26 May 2015

Review of War Diaries: A Nurse at the Front - The First World War Diaries of Sister Edith Appleton

I read War Diaries: A Nurse at the Front - The First World War Diaries of Sister Edith Appleton in the lead up to ANZAC Day last month and it certainly was a meaningful preparation in the lead up to the centenary.

This, the first in a series of four unique War Diaries produced in conjunction with the Imperial War Museum, will tell a story that is rarely heard: the experiences of a nurse working close to the Western Front in the First World War. 

Incredibly, Edith Appleton served in France for the whole of the conflict. Her bravery and dedication won her the Military OBE, the Royal Red Cross and the Belgian Queen Elizabeth medal among others. Her diary details with compassion all the horrors of the 'war to end wars', including the first use of poison gas and the terrible cost of battles such as Ypres, but she also records what life was like for nurses and how she spent her time off-duty. 

There are moments of humour amongst the tragedy, and even lyrical accounts of the natural beauty that still existed amidst all the destruction. 

My Review
Reading Edith's diary entries gave me a glimpse into the life of a nurse at the Western front including her living conditions in France and the hospitals and medical centres she worked in.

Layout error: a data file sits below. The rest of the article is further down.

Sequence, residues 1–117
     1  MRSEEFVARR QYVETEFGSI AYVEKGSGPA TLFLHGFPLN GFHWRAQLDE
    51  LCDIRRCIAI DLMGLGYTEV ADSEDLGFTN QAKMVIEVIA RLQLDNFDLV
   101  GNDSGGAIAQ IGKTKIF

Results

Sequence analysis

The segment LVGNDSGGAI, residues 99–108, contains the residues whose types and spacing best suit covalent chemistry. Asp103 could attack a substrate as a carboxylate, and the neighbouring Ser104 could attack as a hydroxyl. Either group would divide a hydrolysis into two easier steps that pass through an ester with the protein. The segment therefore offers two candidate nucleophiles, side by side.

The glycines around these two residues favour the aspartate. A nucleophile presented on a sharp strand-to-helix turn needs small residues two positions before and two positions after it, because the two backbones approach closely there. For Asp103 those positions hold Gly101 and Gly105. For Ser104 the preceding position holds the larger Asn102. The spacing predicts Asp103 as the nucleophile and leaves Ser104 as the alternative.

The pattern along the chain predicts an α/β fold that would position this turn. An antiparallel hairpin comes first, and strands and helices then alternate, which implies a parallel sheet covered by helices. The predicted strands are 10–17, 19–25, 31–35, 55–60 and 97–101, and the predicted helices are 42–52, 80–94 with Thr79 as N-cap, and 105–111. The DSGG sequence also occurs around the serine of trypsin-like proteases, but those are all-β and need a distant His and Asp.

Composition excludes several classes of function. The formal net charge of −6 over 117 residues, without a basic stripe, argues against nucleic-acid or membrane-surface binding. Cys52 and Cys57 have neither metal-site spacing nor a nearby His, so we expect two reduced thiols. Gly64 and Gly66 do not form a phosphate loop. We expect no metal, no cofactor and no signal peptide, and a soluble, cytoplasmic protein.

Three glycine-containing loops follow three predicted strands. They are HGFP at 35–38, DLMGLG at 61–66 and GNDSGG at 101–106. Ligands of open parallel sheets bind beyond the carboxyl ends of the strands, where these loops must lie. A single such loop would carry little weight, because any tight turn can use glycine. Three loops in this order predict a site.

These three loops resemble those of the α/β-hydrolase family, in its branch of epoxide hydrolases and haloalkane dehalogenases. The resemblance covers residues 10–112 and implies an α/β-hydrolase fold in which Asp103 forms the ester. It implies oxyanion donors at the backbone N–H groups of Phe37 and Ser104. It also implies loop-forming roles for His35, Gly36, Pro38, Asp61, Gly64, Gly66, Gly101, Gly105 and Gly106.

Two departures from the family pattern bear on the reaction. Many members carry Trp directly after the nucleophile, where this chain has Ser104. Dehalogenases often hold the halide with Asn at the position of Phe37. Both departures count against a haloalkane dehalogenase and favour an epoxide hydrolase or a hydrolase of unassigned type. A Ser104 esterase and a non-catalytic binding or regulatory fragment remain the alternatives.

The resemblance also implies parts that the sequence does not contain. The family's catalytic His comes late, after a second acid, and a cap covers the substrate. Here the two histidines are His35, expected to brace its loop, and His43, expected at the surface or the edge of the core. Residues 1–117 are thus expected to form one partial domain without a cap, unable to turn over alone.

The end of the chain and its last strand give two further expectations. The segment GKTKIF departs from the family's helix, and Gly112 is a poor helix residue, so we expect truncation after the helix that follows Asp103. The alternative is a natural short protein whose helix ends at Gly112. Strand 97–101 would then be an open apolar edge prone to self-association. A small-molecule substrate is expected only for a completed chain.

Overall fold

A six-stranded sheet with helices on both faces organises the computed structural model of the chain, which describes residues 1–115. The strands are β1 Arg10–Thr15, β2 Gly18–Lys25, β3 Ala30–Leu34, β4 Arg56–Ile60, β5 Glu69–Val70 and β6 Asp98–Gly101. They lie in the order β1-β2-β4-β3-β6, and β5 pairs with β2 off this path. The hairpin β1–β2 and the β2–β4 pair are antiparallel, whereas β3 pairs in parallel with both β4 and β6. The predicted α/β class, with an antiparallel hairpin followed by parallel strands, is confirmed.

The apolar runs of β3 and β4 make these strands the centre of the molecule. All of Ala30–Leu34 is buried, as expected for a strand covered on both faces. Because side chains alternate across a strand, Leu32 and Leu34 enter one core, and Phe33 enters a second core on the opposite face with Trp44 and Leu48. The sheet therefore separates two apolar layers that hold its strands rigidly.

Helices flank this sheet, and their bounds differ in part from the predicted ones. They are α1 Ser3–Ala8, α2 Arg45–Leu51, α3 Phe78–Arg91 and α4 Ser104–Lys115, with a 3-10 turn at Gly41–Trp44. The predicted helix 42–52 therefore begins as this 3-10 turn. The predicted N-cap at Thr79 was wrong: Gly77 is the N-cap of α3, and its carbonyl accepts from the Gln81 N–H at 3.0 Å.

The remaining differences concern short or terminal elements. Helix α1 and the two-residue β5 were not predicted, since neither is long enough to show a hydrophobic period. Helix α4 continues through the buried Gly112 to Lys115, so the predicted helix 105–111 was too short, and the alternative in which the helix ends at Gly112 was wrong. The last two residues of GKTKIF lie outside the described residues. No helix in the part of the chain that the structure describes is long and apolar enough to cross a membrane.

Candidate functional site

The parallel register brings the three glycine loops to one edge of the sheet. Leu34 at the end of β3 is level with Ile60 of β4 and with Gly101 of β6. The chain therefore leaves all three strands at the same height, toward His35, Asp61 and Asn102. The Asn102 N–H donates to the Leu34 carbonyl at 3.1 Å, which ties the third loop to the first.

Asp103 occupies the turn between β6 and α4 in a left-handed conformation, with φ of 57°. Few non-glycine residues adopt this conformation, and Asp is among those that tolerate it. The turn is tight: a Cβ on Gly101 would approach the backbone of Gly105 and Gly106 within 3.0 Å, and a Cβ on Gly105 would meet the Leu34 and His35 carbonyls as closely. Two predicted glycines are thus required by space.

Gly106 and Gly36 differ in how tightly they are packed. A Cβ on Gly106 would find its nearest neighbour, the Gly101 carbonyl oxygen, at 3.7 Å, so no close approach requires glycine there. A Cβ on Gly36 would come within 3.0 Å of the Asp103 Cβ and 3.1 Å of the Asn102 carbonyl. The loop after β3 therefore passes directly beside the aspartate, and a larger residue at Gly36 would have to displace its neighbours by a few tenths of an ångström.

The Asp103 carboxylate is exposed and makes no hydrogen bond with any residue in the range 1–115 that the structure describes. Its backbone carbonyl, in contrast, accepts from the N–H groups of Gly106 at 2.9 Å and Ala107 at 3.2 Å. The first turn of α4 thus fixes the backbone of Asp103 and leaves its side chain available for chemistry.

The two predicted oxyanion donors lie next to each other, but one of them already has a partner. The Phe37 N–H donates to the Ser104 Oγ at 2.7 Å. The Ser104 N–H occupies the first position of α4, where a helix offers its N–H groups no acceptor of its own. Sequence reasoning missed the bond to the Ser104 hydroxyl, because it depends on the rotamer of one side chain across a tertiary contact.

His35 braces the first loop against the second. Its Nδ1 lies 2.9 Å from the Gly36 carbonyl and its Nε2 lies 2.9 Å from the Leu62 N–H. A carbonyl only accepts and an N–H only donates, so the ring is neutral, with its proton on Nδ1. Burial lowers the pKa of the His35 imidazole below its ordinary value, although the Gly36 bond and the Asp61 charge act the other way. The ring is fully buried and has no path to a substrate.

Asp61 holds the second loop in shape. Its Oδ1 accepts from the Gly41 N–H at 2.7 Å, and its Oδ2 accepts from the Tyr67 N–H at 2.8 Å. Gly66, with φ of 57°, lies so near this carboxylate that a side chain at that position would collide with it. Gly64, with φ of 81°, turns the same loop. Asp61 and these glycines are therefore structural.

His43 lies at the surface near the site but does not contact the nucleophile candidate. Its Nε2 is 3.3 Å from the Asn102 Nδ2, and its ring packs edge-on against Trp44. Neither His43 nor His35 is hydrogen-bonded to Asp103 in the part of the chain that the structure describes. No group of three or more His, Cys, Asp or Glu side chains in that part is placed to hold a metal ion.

Edith's accounts are filled with touching observations, intimate moments with patients, her efforts to honour the dead and write to the families of her patients as well as comments about the conflict and her thoughts about the enemy and German patients she was ordered to treat. 

She also records important holidays and milestones and the ways in which the medical staff and soldiers celebrated them (Christmas) and kept up their morale with skits and concerts.

An overarching theme throughout Edith's diaries is an amazing appreciation for mother nature and the passing of the seasons. Amidst the death and destruction going on around her, it was surprising to learn that Edith enjoyed nothing more than 'tramping about the landscape' and was deeply in touch with her surroundings. While other nurses preferred to go into town and go shopping during their rare hours off, Edith always preferred to take tea somewhere quiet or go for a swim in the ocean.

Her writing is indicative of the time which I thoroughly enjoyed (our language and phraseology has changed so much in the last 100 years) and I was charmed by her delightful sense of humour and admired her strength of character.

Since the publication of these diaries, much work has been done by Edith's ancestors and fellow historians to formally identify as many of the patients mentioned in Edith's diaries as possible; an impressive feat of research in my opinion.

I thoroughly recommend reading Edith Appleton's war diaries, and for more information, you can visit the website created by Edith's great nephew here, A Nurse At The Front.

My rating = ****

Carpe Librum!

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